The Dallas on Elliston is a tribute to both Anne Dallas Dudley and to the historical location where her former mansion stood that was built in 1904, where she lived with her husband Guilford Dudley, Sr. and her two children. Anne Dallas was born in Nashville in 1876 into a distinguished upper class Nashville textile family. She was known for her intelligence, class and beauty and was the most popular socialite in Nashville. The Dallas family was very political and Anne’s great Uncle George M. Dallas served as Vice-President of the United States under Tennessean James K. Polk, President from 1845-1849. Vice-President George Dallas led the efforts in the U.S. Senate to grant statehood to Texas. Dallas County and Dallas, Texas were named in his honor.
Anne Dallas Dudley was very involved in volunteer work and various clubs and she was considered the most prominent of the socials in the state. Frustrated with the lack of power of women in Tennessee and politicians who did not value family issues, she founded The Nashville Equal Suffrage League. Serving as its president, this group organized women to lobby for the right of women to vote. On May 2, 1914, Anne lead the first Parade for Women’s Voting Rights in the South through the streets of Nashville to Centennial Park. That day she gave a speech and a call to action in front of The Parthenon which was the first time a woman gave a major speech outdoors in Nashville history.
In November of 1914, Anne was also instrumental in landing the group Susan B. Anthony founded, The National American Women’s Suffrage Association, to hold their convention in Nashville. Anne Dallas Dudley later became President of the Tennessee Equal Suffrage Association and organized over 80 local suffrage chapters in the state. In 1917, she was elected to the national board Third Vice President of the National American Woman Suffrage Association, where she helped lead efforts to get the Nineteenth Amendment to the US Constitution ratified.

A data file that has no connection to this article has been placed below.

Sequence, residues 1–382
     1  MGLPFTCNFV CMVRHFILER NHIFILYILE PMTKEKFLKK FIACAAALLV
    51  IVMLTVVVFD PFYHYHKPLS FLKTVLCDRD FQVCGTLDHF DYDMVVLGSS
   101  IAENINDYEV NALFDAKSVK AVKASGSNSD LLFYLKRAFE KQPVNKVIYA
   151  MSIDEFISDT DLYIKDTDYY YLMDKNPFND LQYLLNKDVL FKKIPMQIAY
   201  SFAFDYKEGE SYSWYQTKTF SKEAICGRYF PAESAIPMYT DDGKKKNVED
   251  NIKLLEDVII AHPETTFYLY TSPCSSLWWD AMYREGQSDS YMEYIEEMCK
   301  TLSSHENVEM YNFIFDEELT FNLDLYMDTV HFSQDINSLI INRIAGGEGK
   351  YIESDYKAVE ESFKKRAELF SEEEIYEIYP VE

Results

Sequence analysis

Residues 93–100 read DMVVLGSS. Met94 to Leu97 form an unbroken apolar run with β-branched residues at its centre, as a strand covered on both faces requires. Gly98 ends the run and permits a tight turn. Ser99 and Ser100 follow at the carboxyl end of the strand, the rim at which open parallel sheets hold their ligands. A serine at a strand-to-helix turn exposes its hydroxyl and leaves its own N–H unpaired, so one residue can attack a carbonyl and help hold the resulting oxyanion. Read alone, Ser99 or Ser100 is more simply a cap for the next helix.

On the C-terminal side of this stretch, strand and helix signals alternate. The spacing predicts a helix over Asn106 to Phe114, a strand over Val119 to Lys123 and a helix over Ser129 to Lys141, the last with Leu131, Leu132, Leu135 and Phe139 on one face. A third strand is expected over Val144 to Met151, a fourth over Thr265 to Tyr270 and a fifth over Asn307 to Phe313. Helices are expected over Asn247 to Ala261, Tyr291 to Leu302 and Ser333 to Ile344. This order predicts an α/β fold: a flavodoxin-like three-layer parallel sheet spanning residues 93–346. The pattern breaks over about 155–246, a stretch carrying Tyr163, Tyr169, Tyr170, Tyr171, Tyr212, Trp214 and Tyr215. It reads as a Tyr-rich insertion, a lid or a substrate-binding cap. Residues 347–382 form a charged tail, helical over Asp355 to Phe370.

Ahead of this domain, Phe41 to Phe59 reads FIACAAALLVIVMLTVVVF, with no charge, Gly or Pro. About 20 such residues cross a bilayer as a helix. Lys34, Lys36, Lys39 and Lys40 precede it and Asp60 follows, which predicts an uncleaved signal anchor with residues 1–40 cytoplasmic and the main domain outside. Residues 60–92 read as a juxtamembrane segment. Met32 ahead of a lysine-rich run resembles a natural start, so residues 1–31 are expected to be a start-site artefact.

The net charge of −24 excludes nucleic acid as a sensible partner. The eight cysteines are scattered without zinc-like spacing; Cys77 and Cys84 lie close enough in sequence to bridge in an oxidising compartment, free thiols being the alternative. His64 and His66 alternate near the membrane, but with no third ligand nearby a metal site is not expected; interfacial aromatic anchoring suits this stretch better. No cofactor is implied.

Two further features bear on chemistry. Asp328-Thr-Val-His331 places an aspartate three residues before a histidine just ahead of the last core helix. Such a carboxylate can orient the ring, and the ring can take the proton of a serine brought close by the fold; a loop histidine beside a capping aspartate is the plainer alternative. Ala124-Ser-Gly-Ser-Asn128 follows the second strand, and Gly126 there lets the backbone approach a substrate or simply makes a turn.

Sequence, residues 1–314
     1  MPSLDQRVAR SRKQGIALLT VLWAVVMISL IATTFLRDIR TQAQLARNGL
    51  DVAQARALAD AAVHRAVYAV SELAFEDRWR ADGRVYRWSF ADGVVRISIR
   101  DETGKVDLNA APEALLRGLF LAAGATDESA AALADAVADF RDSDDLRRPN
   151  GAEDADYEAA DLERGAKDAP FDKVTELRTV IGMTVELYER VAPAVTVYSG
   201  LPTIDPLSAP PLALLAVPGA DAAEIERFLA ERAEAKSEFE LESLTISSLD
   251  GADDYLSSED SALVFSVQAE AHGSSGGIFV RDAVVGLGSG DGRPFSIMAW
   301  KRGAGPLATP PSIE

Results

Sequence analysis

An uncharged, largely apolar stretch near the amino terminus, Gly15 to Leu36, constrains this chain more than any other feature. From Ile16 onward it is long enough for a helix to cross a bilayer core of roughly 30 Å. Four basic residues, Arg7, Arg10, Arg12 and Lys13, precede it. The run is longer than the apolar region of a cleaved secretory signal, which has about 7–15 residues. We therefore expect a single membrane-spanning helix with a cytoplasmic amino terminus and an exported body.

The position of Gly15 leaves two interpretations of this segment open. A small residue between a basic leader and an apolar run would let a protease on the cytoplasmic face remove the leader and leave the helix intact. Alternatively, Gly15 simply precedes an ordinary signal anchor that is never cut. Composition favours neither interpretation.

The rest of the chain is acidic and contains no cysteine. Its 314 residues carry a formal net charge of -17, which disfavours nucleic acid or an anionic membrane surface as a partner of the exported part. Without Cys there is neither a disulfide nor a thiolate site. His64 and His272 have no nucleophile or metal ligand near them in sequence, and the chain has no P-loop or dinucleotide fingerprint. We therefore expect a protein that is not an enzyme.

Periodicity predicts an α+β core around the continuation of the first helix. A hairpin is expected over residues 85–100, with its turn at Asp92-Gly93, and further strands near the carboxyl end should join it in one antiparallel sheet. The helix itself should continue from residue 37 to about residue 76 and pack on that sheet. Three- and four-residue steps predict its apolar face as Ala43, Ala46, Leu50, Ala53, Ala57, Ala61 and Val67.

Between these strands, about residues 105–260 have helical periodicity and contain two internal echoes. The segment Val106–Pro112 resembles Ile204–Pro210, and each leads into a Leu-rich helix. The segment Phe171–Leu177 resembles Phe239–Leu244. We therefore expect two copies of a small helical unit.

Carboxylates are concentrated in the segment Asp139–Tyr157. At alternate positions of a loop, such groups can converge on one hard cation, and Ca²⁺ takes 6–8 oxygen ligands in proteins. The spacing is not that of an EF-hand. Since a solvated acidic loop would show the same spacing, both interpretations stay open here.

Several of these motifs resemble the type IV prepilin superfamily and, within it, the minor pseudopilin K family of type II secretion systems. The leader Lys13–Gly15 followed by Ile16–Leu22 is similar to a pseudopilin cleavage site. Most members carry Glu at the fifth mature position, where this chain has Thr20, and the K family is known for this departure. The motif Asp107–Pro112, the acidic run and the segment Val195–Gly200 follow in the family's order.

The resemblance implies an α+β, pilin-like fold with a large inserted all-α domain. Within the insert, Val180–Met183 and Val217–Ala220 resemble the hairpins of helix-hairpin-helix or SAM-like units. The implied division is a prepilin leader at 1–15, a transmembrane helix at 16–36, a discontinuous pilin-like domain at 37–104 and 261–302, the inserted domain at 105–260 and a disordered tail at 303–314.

In 1920, Anne was selected to be the first female delegate at large to the Democratic National Convention where she made a seconding speech of an appointee. That fall she led the suffrage efforts when the Governor called a special session of the State legislature to vote on the 19th Amendment. This Constitutional Amendment needed one more state to pass and Anne worked tirelessly and lobbied the legislators. The bill passed the Tennessee Senate and then went to the House where it passed by a single vote. Tennessee’s action gave 20 million women the right to vote.
Anne lived on this site during the entire campaign for Women’s Suffrage and this corner was an important part of planning and hosting the Tennessee Suffrage Movement. We cordially invite you to surround yourself in history!